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Free to Dance Behind The Dance

What is Black Dance?
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An interesting variation on this theme appeared as far back as 1940 when NEW YORK TIMES critic John Martin announced, in an enthusiastic review of Katherine Dunham's Broadway debut, that her arrival indicated "a bright future for the development of a substantial Negro dance art." What was the "Negro dance art" ? Well, Martin provided a catalogue of characteristics, but no definition: "It is debonair and delightful, not to say daring and erotic," and "there is nothing pretentious about it: it is not designed to delve into philosophy or psychology but to externalize the impulses of a high-spirited rhythmic and gracious race." While some of this might seem complimentary, it is actually the flip side of some pretty dangerous generalizations. Martin's view of "Negro dance" derived from the prevalent romantic notion of the Negro-as-noble-savage, a popular concept during the early part of the 20th century. As Dunham said when I asked her several years ago about Martin's assessment of her work, "He was trying to be helpful."

Back in 1938, Katherine Dunham said something else that still seems valid today: "The one big problem is still this stereotyped idea of what the Negro should do."

I think it is presumptuous for any one person -- black or white -- to define "black dance" for the entire field of African-American choreographers and dancers. Yet, since its existence was declared decades ago, far too many critics have taken the term and its murky definitions for granted.

Instead, what is needed is a dialogue among those artists and scholars creatively involved with dance and the broader components -- the socioeconomic, political, and cultural matrix. What is needed is a discussion similar to the prolonged and often heated debates that engaged African Americans in theater and literature as they wrestled with definitions, searched for appropriate structures, and identified the style and function of their art during the introspective 1960s.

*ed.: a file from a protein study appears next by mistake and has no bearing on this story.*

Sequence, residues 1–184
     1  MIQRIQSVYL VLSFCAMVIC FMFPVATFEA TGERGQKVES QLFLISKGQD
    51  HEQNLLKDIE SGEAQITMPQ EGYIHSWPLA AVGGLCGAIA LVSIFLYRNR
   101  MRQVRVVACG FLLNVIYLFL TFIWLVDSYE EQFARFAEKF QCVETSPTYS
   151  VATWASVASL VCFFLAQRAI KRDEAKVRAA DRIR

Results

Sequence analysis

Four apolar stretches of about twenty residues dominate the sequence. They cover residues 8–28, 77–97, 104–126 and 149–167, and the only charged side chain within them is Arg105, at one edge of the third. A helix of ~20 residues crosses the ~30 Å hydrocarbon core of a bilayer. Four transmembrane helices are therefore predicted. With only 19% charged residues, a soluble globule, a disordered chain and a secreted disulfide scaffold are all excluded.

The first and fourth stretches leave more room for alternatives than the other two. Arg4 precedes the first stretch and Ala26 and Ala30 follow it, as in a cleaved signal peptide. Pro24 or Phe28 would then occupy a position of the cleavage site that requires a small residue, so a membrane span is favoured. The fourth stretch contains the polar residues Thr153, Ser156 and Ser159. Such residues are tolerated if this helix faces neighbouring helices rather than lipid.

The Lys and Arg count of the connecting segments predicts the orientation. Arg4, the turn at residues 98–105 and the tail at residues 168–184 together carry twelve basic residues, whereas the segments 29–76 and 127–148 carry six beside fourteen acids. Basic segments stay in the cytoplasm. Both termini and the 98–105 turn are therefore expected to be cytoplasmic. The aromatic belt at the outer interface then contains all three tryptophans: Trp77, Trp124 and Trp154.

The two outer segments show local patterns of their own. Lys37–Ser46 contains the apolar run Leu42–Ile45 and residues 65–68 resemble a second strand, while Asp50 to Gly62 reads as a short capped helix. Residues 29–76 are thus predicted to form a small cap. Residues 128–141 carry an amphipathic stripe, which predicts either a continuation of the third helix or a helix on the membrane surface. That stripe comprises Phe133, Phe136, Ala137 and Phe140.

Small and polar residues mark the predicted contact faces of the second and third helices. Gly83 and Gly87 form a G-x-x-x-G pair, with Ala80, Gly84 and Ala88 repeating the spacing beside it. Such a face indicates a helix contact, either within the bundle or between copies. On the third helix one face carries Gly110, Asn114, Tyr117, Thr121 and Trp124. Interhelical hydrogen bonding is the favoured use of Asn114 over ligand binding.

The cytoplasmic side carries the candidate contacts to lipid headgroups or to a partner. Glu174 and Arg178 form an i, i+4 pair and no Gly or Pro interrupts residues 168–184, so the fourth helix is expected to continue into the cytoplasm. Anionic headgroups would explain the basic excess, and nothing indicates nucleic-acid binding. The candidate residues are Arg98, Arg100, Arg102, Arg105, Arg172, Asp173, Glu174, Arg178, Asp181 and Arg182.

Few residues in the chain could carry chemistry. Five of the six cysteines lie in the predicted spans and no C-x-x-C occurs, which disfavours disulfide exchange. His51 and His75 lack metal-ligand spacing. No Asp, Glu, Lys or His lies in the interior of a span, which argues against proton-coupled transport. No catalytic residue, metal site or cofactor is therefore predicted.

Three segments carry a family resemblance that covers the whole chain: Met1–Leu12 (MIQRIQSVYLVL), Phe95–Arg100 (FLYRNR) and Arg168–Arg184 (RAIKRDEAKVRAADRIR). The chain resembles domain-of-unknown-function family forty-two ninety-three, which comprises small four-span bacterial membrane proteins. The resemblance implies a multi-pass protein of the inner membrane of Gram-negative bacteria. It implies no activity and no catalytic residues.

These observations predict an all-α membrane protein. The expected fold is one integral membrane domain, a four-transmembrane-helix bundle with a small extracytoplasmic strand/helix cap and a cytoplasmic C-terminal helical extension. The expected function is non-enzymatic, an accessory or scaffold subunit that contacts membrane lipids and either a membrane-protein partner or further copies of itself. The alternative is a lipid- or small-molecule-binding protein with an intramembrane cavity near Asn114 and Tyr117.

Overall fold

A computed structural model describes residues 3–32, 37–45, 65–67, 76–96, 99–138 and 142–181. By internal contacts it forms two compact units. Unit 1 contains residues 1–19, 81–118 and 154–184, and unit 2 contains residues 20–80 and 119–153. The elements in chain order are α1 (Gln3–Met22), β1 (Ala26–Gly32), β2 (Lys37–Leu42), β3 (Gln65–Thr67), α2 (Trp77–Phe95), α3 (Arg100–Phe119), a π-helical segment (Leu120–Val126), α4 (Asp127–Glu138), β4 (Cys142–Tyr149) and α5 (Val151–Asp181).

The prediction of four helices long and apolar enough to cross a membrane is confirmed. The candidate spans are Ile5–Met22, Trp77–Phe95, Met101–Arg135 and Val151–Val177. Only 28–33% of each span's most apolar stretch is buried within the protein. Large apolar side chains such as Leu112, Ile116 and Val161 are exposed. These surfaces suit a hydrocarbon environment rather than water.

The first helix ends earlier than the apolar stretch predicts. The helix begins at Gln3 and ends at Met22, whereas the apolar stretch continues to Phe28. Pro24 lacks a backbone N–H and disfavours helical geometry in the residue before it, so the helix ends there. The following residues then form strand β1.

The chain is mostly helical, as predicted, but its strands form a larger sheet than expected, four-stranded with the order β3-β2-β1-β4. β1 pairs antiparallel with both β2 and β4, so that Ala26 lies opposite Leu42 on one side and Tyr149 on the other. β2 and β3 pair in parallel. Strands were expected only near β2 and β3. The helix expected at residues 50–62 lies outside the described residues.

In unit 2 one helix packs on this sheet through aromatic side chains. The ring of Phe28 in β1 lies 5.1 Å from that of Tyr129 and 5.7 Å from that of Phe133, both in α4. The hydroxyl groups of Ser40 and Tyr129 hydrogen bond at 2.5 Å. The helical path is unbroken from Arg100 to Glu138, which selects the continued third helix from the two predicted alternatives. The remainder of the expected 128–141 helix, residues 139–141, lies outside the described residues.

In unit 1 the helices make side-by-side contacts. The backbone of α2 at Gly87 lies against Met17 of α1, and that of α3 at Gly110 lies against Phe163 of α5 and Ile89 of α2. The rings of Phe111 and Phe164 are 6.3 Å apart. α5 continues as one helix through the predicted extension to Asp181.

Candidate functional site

In the 1960s and early '70s, there was a brief flurry of activity as black choreographers and dancers dealt with these fundamental questions in an attempt to seize control of the critical and funding mechanisms, that often held the key to their survival. A small group formed the Black Choreographers Association. Another founded THE FEET, a magazine designed to serve as a forum for the discussion of such questions as that which occupies us still -- "What is black dance?" And, as the exciting climax of this activity, there was a Black Dance Conference held at the University of Indiana's Bloomington campus. But eventually, the Association fizzled. THE FEET also folded, and the Black Dance Conference turned out to be nothing more than a dream deferred. But hope has not faded.

Several years later, SUNY took up the gauntlet with a Dance: Black America conference at the Brooklyn Academy of Music, which promised to revive the forum for this much-needed discussion, but it has suffered a similar fate as the Bloomington conference. Periodically, conferences and convenings, which have kept this dialogue alive, have been hosted by such stalwarts as the American Dance Festival, with its annual gatherings of dancers, choreographers, and scholars at Duke University in Durham, North Carolina, or Joan Myers Brown, founder and artistic director of the Philadelphia Dance Company, affectionately known as Philadanco.

In 1992, the conference Black Choreographers Moving Toward the 21st Century brought together a national group of outstanding artists, including Chuck Davis, artistic director of the Chuck Davis African American Dance Ensemble; Ann Williams, director of the Dallas Black Dance Theatre; Rod Rodgers, founder and artistic director of the Rod Rodgers Dance Company; Jeraldyne Blunden, artistic director of the Dayton Contemporary Dance Company; Cleo Parker Robinson, founder and artistic director of Cleo Parker Robinson Dance; and Bernice Boseman, artistic director of the Oui Geometer Dance Company, among others, to grapple with this and many issues affecting African-American dancers and choreographers.

The black dance controversy continues, and its central question, "What is black dance?," still needs to be answered. That task will be accomplished at gatherings like these, at which choreographers, dancers, critics, historians, and others offer their solid knowledge of the history and undying love of the art.

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